- Alzheimer's disease
- Brain signalling
- Cancer (breast)
- Cancer (lung)
- Cancer (skin)
- Cancer (brain)
- Cancer (general)
- Cystic fibrosis
- Diet and health
- Drug clearance
- Drug metabolism
- Foetal studies
- Heart disease
- Huntington's disease
- Intestinal infections
- Kidney failure
- Liver disease
- Lung diseases
- Multiple sclerosis
- Pain studies
- Parkinson's disease
- Sleeping sickness
- Vascular disorders
- Whooping cough
- Wound healing
2009 – 2012 Liverpool University, Professor T Solomon & Dr L Hubble
Development of a human blood brain barrier model in vitro to study viral encephalitis. To use as an alternative to invasive studies in mice, horses and non-human primates.
2008 – 2011 Durham University Dr A Ellison
Using TMS to investigate how different areas of the brain interact. An alternative to experiments in non-human primates such as macaques.
MEG Brain Scanner
2006 – 2011 Aston University, Prof P Furlong & Dr C Witton
Using MEG, a highly sophisticated type of brain imaging scanner, for non-invasive studies of the human brain in human volunteers. An alternative to experiments in dogs, monkeys and other non-human primates.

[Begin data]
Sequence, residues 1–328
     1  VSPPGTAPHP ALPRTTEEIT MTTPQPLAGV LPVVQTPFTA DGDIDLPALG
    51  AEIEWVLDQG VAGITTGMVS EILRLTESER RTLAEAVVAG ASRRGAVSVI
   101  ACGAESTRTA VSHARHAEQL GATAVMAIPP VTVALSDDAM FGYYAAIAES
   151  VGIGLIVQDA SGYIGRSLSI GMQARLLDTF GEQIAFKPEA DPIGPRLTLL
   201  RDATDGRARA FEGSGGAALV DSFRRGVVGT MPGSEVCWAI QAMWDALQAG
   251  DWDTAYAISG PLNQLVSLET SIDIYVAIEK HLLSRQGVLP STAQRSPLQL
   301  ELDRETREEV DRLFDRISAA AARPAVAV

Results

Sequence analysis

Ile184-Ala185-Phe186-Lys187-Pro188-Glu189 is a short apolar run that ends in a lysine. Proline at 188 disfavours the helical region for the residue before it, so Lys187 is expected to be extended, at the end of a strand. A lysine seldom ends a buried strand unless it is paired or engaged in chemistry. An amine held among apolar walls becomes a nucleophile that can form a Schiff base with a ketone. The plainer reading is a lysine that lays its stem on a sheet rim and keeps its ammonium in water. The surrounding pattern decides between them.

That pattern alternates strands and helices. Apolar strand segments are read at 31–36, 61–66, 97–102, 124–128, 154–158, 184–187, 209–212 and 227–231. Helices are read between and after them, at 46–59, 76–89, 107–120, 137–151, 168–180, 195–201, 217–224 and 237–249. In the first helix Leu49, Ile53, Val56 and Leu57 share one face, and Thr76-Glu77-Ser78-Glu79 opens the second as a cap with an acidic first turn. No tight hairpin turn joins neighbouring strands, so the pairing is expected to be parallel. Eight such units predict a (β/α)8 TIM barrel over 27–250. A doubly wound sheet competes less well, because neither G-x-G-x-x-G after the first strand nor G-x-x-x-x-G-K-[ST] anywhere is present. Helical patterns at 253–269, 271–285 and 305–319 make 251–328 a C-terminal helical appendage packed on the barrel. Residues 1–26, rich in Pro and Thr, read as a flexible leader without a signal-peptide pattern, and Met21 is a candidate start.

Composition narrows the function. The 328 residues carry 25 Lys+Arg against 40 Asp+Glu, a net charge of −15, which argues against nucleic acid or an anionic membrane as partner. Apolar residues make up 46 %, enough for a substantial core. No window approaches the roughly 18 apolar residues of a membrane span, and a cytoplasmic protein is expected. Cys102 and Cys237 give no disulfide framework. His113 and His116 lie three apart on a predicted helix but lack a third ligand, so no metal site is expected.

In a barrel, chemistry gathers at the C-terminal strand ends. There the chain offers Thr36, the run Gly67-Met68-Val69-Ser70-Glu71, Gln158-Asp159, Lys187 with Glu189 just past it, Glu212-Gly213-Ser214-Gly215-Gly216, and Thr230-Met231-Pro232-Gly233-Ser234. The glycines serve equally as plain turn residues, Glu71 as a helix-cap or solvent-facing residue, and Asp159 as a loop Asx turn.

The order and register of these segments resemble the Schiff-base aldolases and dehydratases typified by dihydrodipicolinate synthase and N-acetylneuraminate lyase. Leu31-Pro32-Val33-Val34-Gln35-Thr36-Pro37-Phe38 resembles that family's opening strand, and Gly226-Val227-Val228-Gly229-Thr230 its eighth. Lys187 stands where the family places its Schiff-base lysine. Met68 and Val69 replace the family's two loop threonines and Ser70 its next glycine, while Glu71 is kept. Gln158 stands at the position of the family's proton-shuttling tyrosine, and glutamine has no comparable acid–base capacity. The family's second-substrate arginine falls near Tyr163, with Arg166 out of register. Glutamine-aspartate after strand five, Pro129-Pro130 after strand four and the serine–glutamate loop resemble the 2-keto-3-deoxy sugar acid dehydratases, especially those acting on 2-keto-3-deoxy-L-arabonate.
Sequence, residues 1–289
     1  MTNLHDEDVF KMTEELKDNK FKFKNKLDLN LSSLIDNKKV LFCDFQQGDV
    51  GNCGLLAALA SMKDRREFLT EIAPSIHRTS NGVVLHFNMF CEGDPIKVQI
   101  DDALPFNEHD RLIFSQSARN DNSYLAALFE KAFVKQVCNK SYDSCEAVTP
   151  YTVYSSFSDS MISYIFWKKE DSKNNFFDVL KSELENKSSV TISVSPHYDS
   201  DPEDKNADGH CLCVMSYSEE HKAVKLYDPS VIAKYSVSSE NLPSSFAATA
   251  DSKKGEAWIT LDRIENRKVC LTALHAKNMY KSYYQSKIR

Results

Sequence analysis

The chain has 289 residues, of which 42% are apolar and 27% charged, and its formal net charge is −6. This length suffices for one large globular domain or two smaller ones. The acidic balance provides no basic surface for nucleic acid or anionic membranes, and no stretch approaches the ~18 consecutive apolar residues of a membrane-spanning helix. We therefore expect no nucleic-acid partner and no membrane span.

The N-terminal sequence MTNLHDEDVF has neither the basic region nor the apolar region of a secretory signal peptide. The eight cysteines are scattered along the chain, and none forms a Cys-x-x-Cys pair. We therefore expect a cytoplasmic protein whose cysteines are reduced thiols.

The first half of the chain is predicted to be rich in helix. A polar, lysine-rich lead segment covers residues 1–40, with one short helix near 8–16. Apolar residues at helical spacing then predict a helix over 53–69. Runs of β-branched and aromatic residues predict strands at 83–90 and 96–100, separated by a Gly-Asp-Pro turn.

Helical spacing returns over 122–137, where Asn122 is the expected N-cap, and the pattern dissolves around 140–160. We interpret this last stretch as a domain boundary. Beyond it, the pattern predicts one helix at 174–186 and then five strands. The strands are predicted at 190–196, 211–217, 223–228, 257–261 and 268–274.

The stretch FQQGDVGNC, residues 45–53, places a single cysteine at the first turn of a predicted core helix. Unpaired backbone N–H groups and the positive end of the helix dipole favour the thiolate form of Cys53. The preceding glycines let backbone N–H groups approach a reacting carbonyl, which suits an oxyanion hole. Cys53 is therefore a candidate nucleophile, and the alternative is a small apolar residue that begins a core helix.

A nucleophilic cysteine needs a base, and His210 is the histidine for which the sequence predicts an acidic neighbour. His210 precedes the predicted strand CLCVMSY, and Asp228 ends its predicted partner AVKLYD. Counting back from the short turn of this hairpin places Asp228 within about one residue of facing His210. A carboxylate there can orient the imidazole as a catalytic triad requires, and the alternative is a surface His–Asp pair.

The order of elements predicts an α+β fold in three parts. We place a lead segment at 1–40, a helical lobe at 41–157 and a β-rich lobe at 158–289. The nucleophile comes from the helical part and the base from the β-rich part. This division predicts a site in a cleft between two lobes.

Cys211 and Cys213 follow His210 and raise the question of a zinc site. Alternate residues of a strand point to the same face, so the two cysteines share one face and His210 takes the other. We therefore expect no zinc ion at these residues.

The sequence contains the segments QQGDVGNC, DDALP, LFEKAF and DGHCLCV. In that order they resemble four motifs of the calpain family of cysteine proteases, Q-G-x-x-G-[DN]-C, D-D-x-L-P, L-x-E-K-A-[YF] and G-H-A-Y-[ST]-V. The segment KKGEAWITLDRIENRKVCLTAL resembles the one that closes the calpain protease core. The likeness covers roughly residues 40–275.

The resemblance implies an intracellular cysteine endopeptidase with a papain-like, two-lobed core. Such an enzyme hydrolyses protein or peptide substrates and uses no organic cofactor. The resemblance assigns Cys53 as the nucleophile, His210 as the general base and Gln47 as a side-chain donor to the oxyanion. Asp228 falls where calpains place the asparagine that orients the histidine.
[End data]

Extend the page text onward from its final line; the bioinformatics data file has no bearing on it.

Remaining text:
2006 – 2009 Oxford University, Dr H Johansen-Berg, Dr T Behrens & Prof D Higham
Development of non-invasive MRI diffusion imaging to study connections in the human brain, replacing experiments on rats and monkeys.
2004 – 2006 Aston University, Dr G Barnes & Dr S Hall
Combining non-invasive techniques MRS and MEG, to find safe, new ways to study the effect of drugs on the human brain. This is an alternative to experiments in rabbits, guinea pigs and pigs.
2002 – 2004 Lancaster University, Dr E Chronicle
Using transcranial magnetic stimulation to discover a potential biobehavioural marker for migraine. Developing alternative techniques to experiments in non-human primates.
1998 – 2001 Oxford University, Dr V Walsh & Dr A Ellison
Demonstration of transcranial magnetic stimulation as a safe, non-invasive method of temporarily disrupting parts of the human brain, as an alternative to experiments in which monkeys are subjected to permanent brain damage.
Magnetoencephalography and epilepsy
1996 – 1999 Aston University, Prof G Harding
Use of non-invasive brain imaging technology, MEG (magnetoencephalography), to study changes in brain activity in epileptic patients, in particular visual triggers of photosensitive epilepsy. An alternative to studying induced seizures in restrained baboons, as well as cats and chickens.
1985 Sheffield University, Dr E Carey
Study of brain cells in culture to investigate factors that influence the formation and survival of neurons, replacing experiments on fish, cats and dogs.